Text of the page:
Happiness Is Links

When the play on the field is less than spectacular, fans throughout baseball can always smile when their mascots cavort. In a season gone wrong, for many it is only habit which keeps fans coming back. It’s hot out. The summer is long. Kids demand it. Moms and Dads everywhere seek the shade of the stadiums as a brief respite from the daily tasks of raising their children.

That’s baseball in many parks in America this June, the last Sunday of June, 2015.

In Philadelphia there is the Phillies Phanatic. The team’s manager resigned this week. What? A manager resigned rather than letting the team axe him so he can walk away with the monies that are owed him? Yet there is always the Phanatic…the one with the wobbly stomach whose antics are some of the best in all of sport. Many, this season, just go to the ball park in the City of Brotherly Love to see what the Phanatic will do on that day. They already have a pretty good guess on what the team will do.

In Milwaukee, they have a bunch of mascots. There is barrelman roaming the stands as the original mascot come to life. Bernie is in his chalet ready to make that slide in case this team is a memory of Harvey’s Wallbangers. And then there are the ‘sausages’…Klement’s Racing Sausages.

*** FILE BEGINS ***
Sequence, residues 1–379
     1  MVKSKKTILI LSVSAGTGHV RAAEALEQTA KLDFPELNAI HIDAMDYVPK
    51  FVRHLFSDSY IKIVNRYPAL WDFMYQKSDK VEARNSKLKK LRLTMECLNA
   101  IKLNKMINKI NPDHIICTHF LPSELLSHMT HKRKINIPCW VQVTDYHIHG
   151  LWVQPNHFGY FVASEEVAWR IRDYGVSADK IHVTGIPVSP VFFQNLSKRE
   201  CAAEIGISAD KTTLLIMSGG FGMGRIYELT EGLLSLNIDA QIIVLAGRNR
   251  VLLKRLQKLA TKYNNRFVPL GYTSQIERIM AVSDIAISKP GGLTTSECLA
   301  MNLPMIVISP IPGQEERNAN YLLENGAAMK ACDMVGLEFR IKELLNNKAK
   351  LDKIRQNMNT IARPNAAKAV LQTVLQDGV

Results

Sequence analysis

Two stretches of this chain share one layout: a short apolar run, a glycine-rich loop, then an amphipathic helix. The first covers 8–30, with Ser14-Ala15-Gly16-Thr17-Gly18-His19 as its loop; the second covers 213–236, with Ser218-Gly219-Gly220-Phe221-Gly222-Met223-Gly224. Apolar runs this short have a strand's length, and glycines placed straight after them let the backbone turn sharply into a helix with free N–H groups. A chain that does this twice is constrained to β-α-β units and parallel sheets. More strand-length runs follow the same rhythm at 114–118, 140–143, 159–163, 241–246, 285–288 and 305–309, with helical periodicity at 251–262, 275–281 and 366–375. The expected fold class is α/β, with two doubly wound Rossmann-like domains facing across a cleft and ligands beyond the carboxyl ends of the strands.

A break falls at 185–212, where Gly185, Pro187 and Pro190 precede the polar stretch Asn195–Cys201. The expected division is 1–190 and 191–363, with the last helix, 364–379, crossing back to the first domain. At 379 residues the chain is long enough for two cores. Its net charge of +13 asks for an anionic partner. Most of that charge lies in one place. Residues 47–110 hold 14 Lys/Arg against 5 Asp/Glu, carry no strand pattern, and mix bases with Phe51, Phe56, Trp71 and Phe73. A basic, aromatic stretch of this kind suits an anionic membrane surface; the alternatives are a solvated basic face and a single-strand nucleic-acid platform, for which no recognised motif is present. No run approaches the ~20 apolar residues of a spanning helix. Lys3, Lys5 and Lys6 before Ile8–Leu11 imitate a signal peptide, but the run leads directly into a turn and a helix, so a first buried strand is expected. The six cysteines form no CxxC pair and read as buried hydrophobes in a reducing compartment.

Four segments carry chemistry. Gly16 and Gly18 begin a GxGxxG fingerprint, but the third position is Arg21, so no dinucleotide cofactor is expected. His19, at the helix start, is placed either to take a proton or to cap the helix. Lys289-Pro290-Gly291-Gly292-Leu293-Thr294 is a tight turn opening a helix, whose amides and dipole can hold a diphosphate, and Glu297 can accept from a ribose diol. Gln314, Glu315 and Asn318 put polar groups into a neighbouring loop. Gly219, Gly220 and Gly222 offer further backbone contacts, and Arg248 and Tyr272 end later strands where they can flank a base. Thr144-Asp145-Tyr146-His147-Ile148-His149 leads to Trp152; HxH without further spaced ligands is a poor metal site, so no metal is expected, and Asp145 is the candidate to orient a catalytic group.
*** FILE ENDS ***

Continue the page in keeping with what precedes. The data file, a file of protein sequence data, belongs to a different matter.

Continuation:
Twenty-two years ago, when the team was as bad as they are today and would remain until the ‘Prince’, Ricky, Cory and Ben would save them from obscurity and the misunderstanding of the game by the Family Selig, one of the team’s sponsors, Klement Sausage Co. wanted to put their product on the field as the ‘Racing Sausages’. If you were in the stands on that day in 1993, you witnessed one of the greatest spectacles in sport. Yes. Greater than the skier falling off the ski jump in the ‘Wide World of Sports’ opening on ABC. Yes. Greater than Howard’s call, ‘Down goes Frasier. Down goes Frasier’. The sausages racing in from left field to somewhere past the first base bag, had the crowd betting ‘ons ons’ on the sausages.

By the way, if you don’t bet on Polish this season, you are going against the house. It is named in the honor of Max Surkont who ate himself out of major league baseball during his stint as a Milwaukee Braves ‘sausageing’ himself beyond recognition as he dined on a number of them each and ever night. But I digress.